+ Add Chrome Extension

USA TODAY

news
Nov 06, 2020
1  Likes 0  Comments

About this Deal

Stocks closed out their best week since April on Friday, driven by the potential for more gridlock in Washington even as the winner of the White House is still unknown.

Optimism was pumping through other areas of the market, and Treasury yields climbed after a report showed U.S. employers hired more workers last month than economists expected. They’re the latest swings in a wild week dominated by Tuesday’s election.

The Dow Jones Industrial Average dipped 66.78 points, or 0.2%, to close at 28,323.40, paring losses after dropping roughly 200 points at the open. The Nasdaq Composite ticked up less than 0.1% to end at 11,895.23, after a furious four-day rally that was helped by gains in several Big Tech companies.

The S&P 500 was virtually unchanged, dipping less than 0.1% to finish at 3509.44. It jumped 7.3% higher for the week, its best weekly gain since April. It had jumped at least 1.2% in each of the last four days, with the gains accelerating after early results indicated control of Congress may remain split between Democrats and Republicans.


That raised investors’ expectations that business-friendly policies may stick around, regardless of who wins the presidency.

Black Friday:Kohl's sale starts earlier with extra Kohl's Cash, more deals online

PlayStation 5 review:A powerhouse video game console with innovative controls

“Election Day is behind us, but corporate earnings can still improve with further stimulus, an end to COVID-19, and continued economic recovery,” Mark Haefele, chief investment officer at UBS Global Wealth Management, said in a note.


“Fiscal stimulus should be supportive even if it is less than expected, and we still expect a vaccine to become widely available by the second quarter of next year,” Haefele added.

Joe Biden leads in vote counting for Tuesday’s U.S. presidential election, but President Donald Trump and his supporters are questioning the legitimacy of the totals with key states still counting ballots.

“Markets are still betting on a clear election outcome (presumably Biden),” analyst at Mizuho Bank said in a report.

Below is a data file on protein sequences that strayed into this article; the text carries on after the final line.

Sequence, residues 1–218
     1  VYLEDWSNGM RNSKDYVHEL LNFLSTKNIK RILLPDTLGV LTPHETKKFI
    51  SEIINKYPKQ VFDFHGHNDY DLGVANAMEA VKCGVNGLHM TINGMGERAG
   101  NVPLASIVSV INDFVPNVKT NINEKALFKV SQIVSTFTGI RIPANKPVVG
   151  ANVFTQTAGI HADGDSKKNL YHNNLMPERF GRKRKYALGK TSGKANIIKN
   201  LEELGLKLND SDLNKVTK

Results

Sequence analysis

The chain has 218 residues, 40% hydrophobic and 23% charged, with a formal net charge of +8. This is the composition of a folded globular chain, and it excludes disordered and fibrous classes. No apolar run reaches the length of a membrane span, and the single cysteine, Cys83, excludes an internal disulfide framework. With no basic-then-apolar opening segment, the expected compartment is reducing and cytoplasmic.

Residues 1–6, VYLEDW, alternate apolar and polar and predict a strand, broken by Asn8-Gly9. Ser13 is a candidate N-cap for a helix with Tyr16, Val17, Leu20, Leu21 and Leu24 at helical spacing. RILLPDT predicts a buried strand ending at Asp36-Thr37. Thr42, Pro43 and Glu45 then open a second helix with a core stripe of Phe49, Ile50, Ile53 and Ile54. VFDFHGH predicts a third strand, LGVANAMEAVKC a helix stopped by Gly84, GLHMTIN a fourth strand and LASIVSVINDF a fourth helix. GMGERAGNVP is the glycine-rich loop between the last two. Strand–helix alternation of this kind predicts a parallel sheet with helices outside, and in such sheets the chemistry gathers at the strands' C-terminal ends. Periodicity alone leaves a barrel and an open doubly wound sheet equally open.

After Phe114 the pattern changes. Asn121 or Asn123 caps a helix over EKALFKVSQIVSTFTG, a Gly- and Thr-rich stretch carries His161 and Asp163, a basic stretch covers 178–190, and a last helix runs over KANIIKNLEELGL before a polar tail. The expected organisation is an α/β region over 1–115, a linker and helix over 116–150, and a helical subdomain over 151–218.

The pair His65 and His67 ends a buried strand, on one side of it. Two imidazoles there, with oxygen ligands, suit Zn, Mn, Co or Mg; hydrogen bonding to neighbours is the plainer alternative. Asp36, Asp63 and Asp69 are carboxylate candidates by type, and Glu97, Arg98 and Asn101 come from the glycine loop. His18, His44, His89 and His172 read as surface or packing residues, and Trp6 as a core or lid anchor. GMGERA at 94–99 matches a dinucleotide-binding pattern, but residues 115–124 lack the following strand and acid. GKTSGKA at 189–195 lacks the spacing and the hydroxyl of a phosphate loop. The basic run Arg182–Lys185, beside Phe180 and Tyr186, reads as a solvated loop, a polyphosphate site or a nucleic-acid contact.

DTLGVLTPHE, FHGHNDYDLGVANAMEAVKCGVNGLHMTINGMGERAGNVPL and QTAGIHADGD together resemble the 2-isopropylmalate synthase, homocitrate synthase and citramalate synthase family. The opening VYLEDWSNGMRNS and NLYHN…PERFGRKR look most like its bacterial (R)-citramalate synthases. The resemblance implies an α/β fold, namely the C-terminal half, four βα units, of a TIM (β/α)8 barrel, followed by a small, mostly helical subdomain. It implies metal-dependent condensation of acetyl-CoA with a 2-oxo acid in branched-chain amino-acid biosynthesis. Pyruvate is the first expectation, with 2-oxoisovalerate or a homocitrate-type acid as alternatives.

Analysts warn that an extended court battle with no clear winner could increase uncertainty, which markets dislike, and drag down stocks.

A Wall St. street sign in front of American flags.
The yield on the 10-year Treasury climbed to 0.81% from 0.78% late Thursday after the U.S. government said employers added 638,000 jobs last month. The stronger-than-expected tally suggests the economic recovery may still be intact, though it also marked another slowdown in monthly job growth.

The rally helped the 10-year Treasury yield claw back some of its recent slide. It had been above 0.90% earlier this week when expectations were rising that a Democratic sweep of Tuesday’s elections could open the door for a big stimulus effort for the economy.

Get the Coronavirus Watch newsletter in your inbox.
Stay safe and informed with updates on the spread of the coronavirus

Delivery: Varies
Your Email
The nation has recovered about 12 million, or 55%, of the 22 million jobs wiped out in the health crisis.

“Since the economic recovery has started, just over half the jobs lost have been brought back,” Charlie Ripley, senior investment strategist at Allianz Investment Management, said in a note.

“Today’s report highlights the challenge for lawmakers as the impulse for additional fiscal stimulus hangs in the balance between the pace of the economic recovery and the downside risks of the public health crisis,” Ripley said.

'I don't want these dogs to suffer': Pet surrenders becoming tragic part of pandemic
Walmart removes guns, ammunition from store displays ahead of election amid concerns of civil unrest
Ram will offer electric pickup, Fiat Chrysler CEO says
Stretch your money: Here are 6 employer benefits that can save you a lot
The Daily Money: Subscribe to our newsletter
The upside of gridlock for markets is that it may prevent Democrats from approving some of the measures investors feared, such as higher tax rates and tougher antitrust policies for big technology companies. But the downside is that a still-divided Washington makes any support package for the economy coming from Congress likely to be less generous than if Democrats had swept the election.

Investors and economists say the economy needs such stimulus, particularly when the country’s new coronavirus cases are setting records once again. Europe is also facing a troubling rise in infections, and governments there have already brought back restrictions on businesses in hopes of slowing the spread.

Even if the strictest lockdowns don’t return in the United States, the worry is that the worsening pandemic will scare consumers by itself and erase profits for businesses.

“The economy itself is on a more solid footing than most people realize, but to get us back to a level where we have peak profit potential we really need to tackle the COVID-19 issue,” Scott Glasser, co-chief investment officer at ClearBridge Investments, said in a note. “We need to have success with the vaccines and that will dictate the return to more and stronger growth.”


On Thursday, the U.S. Federal Reserve said its key interest rate will be left at a record low near zero. It reaffirmed its readiness to do more to support the economy under threat from a worsening coronavirus pandemic.

In European stock markets, France’s CAC 40 fell 0.5% and Germany’s DAX lost 0.7%. The FTSE 100 in London rose 0.1%.

In Asia, Japan’s Nikkei 225 rose 0.9%, South Korea’s Kospi added 0.1% and Hong Kong’s Hang Seng gained 0.1%. Stocks in Shanghai slipped 0.2%.

💬 Comments

Thanks! Worked! 👍 🙏 🤩 💕 🥳 🔥 😍